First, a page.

A piece of Fourth Avenue North should be given up by the city to support the creation of apartments in the former Phillips Middle School, the Fort Dodge Plan and Zoning Commission recommended Tuesday.
Commission members voted to recommend that Fourth Avenue North between 10th and 11th streets be vacated by action of the City Council.
That section of road is on the south side of the old school at 1015 Fifth Ave. N.
The street would no longer be owned or maintained by the city government if the council votes to vacate it. However, the impact of that change on traffic in the neighborhood is expected to be minimal, according to Carissa Miller, the associate city planner. She said that the street was closed to traffic whenever school was in session.
Stephanie Houk Sheetz, the senior city planner, said she doesn't foresee the new owners putting gates on the street or otherwise blocking traffic on it.
If the street is vacated, its north half would be owned by Foutch Brothers LLC, the Kansas City. Mo., company that proposes to convert the school into apartments. The south half would be owned by Holy Trinity Parish, which plans to buy the school's gymnasium, which is in a separate building.
Shawn Foutch, a representative of Foutch Brothers LLC, told the commission that his company would repave the street.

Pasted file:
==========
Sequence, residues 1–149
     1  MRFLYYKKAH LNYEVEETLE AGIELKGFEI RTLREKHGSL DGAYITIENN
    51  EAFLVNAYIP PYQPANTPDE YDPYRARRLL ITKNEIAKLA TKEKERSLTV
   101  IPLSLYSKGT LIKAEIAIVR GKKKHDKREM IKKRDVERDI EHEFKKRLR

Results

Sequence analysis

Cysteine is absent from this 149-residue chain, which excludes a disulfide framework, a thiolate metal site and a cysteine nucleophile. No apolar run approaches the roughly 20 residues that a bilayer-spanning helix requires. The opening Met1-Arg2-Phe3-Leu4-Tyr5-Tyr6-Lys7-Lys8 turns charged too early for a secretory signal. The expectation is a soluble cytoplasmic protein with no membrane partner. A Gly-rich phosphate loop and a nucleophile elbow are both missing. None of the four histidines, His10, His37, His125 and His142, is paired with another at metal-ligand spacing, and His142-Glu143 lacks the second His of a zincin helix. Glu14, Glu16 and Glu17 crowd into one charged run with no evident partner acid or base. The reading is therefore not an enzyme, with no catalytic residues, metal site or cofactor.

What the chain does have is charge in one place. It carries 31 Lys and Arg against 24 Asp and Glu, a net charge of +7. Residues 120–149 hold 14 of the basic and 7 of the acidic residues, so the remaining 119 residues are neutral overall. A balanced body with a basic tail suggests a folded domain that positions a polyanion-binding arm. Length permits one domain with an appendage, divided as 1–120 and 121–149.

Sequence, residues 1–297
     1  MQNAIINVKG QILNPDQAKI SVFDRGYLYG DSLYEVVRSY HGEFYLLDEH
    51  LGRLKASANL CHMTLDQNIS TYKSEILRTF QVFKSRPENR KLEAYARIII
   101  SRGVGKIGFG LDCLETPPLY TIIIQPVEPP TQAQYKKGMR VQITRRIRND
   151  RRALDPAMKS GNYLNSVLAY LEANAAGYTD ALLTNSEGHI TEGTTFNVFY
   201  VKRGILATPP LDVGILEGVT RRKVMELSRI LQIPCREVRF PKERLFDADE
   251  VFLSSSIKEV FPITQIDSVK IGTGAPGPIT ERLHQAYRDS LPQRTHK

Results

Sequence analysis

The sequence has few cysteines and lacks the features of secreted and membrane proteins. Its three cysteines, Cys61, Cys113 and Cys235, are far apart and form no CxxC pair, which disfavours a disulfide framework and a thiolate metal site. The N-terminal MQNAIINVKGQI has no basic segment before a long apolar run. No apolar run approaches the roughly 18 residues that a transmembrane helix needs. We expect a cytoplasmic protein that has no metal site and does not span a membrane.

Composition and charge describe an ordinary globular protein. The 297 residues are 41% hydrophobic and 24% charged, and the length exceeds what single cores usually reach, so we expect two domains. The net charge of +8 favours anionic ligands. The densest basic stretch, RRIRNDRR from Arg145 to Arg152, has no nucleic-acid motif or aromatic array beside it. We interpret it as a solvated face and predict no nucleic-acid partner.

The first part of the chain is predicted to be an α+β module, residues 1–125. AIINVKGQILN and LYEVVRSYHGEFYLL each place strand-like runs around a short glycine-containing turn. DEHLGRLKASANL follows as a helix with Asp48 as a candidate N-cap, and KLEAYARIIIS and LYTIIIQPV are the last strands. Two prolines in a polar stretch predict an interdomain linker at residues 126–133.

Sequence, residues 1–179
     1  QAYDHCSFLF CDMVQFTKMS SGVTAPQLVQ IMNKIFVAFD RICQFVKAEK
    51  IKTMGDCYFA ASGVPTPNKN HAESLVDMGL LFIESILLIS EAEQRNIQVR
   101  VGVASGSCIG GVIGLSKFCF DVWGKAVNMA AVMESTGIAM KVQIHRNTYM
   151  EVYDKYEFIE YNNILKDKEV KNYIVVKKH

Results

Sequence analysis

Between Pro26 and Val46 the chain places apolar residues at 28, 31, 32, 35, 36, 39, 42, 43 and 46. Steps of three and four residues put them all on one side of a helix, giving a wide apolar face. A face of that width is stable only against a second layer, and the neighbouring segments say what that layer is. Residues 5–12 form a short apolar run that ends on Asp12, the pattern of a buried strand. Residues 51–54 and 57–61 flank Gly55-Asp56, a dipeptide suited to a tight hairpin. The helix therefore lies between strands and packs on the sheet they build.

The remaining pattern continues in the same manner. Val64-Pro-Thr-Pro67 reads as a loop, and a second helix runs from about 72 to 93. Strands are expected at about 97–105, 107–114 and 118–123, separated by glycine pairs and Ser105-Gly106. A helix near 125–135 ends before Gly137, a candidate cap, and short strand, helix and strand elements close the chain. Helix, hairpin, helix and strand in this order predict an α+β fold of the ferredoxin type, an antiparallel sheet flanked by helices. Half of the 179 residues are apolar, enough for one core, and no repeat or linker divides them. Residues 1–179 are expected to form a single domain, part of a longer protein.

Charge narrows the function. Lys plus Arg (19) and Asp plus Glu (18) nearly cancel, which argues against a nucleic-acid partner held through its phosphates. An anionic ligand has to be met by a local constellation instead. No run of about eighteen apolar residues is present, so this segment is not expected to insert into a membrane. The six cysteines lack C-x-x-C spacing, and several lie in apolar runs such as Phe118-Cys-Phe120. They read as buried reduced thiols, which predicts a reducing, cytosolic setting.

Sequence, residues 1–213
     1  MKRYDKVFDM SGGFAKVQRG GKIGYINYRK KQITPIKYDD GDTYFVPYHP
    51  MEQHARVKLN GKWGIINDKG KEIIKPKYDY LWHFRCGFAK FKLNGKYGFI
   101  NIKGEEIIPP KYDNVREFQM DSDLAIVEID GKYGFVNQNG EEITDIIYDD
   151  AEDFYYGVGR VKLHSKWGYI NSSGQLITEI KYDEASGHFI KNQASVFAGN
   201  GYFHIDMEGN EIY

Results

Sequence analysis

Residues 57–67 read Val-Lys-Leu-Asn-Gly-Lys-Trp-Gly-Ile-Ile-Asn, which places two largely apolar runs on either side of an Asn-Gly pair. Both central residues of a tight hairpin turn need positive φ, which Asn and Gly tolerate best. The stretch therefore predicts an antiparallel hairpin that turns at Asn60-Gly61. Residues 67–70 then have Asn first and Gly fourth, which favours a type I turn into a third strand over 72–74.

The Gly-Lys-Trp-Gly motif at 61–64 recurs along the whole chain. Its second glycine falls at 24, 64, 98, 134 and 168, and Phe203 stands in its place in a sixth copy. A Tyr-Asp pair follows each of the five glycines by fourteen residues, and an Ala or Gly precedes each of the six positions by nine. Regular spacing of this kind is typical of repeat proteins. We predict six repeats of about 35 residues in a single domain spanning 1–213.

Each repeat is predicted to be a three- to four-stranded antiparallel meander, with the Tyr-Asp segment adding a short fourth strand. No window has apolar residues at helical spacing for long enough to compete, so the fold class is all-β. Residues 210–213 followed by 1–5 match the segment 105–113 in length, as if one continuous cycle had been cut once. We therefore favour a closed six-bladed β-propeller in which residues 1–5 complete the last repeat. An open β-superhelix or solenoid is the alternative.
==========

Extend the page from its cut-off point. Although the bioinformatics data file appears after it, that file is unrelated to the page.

The company wants the north side of the street to provide parking for the apartments. About 20 parking stalls could be created there.
Foutch Brothers LLC proposes to create 67 apartments in the former school in an $8.3 million project.
The company also proposes to turn the former Fair Oaks Middle School, 416 S. 10th St., into apartments. It has an option to buy both buildings from the Fort Dodge Community School District for $1. That option expires Dec. 17.
Both schools were replaced by the new middle school at 10th Avenue North and 32nd Street that opened this year.
Foutch Brothers is also asking the city government for property tax abatements and zoning variances, including a variance from the rule that requires one parking space for every unit in an apartment building. However, the potential for vacating a portion of Fourth Avenue North was the only issue before the commission Tuesday.
Commission member Lisa Wilson was absent and commission member Jim Kesterson abstained from the otherwise unanimous vote to recommend vacating the street. He said he abstained from the vote because his company, Kesterson Appraisals and Consulting, was involved in the sale of the property.
The final decision on vacating the street will be made by the City Council.